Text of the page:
14. Anonymous Coward
    Anonymous Coward

    Wear and Tear.

    Machines wear out at varying rates depending on how they are used. For instance, an automobile driven on nothing but highways at moderat speeds will last for at least two decades, but an off-road vehicle is probably going to be used up inside the first five years of use. Electrical components fail as well as a function of hours of use and the currents handled. We will never be able to construct an indestructible automoton capable of independent thought. We will, I think, eventually be able to construct machies with useful lifespans that are much shorter than our lives. Machines self-destruct because of a series of small positive feedback loops. A bad bearing increases its rate of wear over time, for instance, but human bodies constantly repair themselves and there are only certain tissues that must be repaired by surgery once they are damaged.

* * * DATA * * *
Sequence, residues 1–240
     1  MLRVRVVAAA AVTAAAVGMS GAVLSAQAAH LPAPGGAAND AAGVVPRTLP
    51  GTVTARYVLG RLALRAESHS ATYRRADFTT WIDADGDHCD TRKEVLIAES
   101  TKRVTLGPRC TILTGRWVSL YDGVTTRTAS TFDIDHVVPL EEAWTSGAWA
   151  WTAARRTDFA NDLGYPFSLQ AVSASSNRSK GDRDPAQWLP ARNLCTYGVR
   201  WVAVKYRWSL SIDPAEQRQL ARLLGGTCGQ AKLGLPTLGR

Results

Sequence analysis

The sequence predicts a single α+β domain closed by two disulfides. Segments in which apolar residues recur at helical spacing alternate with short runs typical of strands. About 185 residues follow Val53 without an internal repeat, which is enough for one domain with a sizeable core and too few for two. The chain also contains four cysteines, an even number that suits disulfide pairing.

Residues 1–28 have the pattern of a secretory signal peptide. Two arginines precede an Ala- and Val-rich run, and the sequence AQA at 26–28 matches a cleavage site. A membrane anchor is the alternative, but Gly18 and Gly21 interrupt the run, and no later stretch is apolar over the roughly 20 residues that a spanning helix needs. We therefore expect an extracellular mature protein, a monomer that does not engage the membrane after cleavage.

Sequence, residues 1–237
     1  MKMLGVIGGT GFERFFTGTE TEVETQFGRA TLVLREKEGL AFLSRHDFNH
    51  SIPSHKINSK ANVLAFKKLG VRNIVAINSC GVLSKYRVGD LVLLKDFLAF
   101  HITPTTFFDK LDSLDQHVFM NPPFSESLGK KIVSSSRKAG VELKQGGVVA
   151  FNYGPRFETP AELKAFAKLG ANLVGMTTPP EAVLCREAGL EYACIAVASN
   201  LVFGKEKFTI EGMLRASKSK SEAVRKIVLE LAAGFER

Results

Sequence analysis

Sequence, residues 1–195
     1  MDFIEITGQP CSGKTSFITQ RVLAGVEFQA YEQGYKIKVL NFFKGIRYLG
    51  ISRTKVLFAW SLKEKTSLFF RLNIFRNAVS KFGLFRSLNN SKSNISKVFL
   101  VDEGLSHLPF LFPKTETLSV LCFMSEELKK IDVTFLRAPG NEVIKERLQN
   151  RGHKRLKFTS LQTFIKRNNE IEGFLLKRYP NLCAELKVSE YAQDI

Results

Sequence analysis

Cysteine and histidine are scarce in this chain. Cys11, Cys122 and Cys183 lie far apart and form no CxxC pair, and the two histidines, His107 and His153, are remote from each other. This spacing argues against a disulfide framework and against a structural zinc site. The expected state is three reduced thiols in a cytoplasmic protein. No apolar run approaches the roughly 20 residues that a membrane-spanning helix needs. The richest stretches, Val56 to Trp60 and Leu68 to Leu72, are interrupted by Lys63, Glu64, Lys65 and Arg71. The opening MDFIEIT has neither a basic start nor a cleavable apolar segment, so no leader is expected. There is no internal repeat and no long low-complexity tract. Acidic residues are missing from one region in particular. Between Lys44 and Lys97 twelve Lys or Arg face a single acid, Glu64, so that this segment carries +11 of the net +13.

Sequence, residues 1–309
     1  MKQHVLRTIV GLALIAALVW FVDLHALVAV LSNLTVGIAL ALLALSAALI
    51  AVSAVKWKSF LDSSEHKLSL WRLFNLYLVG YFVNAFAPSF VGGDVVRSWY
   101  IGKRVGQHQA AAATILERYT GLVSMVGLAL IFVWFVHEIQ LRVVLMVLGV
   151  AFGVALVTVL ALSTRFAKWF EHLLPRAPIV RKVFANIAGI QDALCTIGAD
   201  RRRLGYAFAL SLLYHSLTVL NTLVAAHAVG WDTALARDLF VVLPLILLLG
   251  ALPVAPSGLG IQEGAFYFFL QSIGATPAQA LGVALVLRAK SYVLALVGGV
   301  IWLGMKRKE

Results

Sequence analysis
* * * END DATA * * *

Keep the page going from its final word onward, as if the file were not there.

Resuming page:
What this means is that our creations will be more mortal than we are. They might well go out on strike for better wages, just so that they can afford a complete overhaul after twenty years. I seriously doubt that they will simply allow us to shut them down and throw them on the scrap heap for recycling the way we do other machines. We already buy insurance to repair our automobiles. Expect to be paying for insurance on your friendly family robots.